Can Baghdad's Neighbors Learn to Trust Each Other Again?

Making the short journey to her neighbor’s house under the quiet hum of the lights on Palestine Street, May Mohammed felt a wave of joy wash over her.

May and her husband were on their way to see Sabah Shakir -- an old friend who had recently returned to Baghdad.

Sabah, a housewife, is three years older than May. Living in close proximity had made the two women close friends. They would frequently meet in the mornings for coffee and conversation.

Their friendly rituals ended in 2007, with the kidnapping of Sabah’s husband, Issam, an employee at a telecoms company. Sabah’s family paid a ransom for his release and promptly fled Iraq.

Like thousands of other refugees, they recently returned to the capital, drawn by the promise of better security.

“It’s nice to have friends and neighbors around. Their return makes me feel safe,” May said. “Iraqis are social by nature -- they can’t live apart, no matter what.”

May and others hope the returnees will help neighbors rebuild a trust shattered by years of crime and sectarian strife.

Baghdad’s residential districts have historically been close-knit. Families living next to each other typically took an active interest in each other’s affairs and welfare. But in the conflict of the last few years, Baghdadis say they grew increasingly wary of their neighbors and began spending longer in their own homes.

Though the violence has recently eased, thousands of families remain displaced.

High concrete barriers divide many districts and invisible barriers divide their occupants. Neighbors now avoid casual conversation, particularly in the edgy boroughs that saw some of the worst unrest.

The lingering mistrust is not surprising given that many displaced Iraqis blame their neighbors for their plight, according to Hana Edward, head of Al-Amal (Hope), a non-governmental organisation that works with the displaced.

Many families that belonged to minority groups believe their neighbors informed sectarian militias against them. Others hold the neighbors responsible for the anonymous threats that forced them to leave.

But Edward also noted that many protected their neighbors, a decision that cost some their lives.

Another type of mistrust exists between long-time residents of neighborhoods and recent arrivals that moved in after sectarian violence exploded three years ago.

While an estimated 49,400 families have returned home – 31,500 to Baghdad – 270,000 remain internally displaced in Iraq, according to the International Organization for Migration, IOM.

Newcomers are often treated with suspicion and many are not particularly friendly.

Yusir Abdul-Sattar, a financial affairs ministry employee, and her husband moved to a wealthy friend’s home in Al-Mansur district to protect the property, she said.

The friend’s family had fled Baghdad for security reasons, according to Yusir. Yusir has kept her distance from her new neighbors, turning down offers to visit their homes.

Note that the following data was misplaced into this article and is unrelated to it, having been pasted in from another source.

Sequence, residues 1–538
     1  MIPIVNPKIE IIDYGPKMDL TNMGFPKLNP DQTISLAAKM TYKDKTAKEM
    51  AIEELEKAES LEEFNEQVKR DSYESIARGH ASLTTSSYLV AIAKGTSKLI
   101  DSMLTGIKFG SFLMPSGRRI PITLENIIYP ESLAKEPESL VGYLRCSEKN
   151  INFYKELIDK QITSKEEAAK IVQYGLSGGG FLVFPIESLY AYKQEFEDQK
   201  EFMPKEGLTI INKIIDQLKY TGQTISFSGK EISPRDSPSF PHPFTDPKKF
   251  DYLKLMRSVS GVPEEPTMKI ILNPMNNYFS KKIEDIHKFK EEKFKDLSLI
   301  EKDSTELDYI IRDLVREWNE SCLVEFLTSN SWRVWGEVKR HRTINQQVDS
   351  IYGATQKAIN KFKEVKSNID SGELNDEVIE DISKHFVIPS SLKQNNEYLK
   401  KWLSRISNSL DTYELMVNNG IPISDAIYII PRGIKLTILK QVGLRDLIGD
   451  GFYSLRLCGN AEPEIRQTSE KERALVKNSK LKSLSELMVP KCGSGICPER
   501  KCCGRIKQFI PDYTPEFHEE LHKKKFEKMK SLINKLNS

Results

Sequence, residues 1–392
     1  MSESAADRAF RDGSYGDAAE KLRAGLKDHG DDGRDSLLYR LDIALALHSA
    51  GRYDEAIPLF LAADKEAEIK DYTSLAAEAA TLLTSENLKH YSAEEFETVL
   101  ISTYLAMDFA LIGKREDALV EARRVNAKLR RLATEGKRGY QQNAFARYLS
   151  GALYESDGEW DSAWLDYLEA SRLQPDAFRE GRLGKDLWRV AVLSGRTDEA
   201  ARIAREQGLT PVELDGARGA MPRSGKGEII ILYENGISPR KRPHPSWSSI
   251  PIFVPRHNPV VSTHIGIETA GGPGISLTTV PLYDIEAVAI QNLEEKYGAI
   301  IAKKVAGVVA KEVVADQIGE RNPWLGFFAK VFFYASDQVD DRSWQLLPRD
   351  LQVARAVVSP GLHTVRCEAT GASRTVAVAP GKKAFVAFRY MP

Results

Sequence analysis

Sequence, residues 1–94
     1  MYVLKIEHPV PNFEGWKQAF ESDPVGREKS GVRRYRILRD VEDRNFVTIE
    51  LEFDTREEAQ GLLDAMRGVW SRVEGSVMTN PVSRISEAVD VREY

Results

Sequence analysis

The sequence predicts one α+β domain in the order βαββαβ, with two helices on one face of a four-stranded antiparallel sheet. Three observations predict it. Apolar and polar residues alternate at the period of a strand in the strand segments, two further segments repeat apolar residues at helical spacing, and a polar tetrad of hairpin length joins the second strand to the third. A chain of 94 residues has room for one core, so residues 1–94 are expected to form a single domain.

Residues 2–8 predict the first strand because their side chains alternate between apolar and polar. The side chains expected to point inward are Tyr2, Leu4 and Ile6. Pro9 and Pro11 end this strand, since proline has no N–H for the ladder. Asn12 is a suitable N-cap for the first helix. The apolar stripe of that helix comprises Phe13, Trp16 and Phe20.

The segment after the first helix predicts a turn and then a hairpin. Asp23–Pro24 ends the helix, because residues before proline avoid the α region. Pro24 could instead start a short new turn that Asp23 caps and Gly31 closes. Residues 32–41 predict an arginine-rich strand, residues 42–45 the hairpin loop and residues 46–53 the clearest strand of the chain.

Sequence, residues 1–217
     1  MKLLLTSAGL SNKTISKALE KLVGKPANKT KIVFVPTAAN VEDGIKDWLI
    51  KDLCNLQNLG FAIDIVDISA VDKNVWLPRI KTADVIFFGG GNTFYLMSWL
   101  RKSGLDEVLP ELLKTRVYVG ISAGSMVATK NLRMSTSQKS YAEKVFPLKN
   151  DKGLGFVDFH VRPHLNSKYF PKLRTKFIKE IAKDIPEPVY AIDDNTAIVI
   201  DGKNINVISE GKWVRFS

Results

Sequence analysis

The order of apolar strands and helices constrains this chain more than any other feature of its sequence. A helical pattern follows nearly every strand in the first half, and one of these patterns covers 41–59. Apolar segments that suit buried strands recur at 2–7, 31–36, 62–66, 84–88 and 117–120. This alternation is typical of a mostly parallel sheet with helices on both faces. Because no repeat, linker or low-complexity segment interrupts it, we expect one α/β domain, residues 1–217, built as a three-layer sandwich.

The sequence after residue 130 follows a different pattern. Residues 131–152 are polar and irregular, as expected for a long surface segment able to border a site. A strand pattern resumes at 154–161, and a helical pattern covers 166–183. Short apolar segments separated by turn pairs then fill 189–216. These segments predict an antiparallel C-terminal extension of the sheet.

"I come across my neighbors many times, but I just say hi and that’s it,” she said. “I avoid visiting them because people have changed a lot after the war. You can never figure out the way they think or behave, or whether they will be good or bad to you.”

Yusir said traditions such as cooking for new neighbors also seem to have gone by the wayside because “today, everyone fears their neighbor."

In some areas, she said, neighbors “played a despicable role and were the main reason for the killing and displacement. They even took over their neighbor’s house and furniture after the owners left”.

Community and reconciliation initiatives are nearly non-existent in Iraq, with more basic needs such as employment, food and shelter taking priority for the government and NGOs. Those are the most pressing needs for recent returnees, according to a recently-published IOM survey.

“The most important thing for the ministry of displacement and the parliament is to ensure security, financial and social support for the displaced,” said Abdul Khaliq Zangana, chair of the parliament’s displacement committee.

“The displaced need to have official papers so they can get back to their jobs and their children can go to school,” he said.

Edward of the Al-Amal NGO said getting people to socialise in their neighborhoods is not easy.

The pace of healing depends on the security situation, she said, and any social initiatives will ultimately need broader support - from community groups and the government.

“If security stabilises, people will forget their hate and anger,” she said. “But if things turn bad, people will continue to be unfriendly.”

For now, it appears some progress is being made.

"As security has improved, people are starting to hang out in front of their houses to play chess or dominos,” said Shakir Salim, a resident of Baghdad’s diverse Karada district.

“Children ride their bicycles in the streets. Overall the situation is fine, thank God,” he said.


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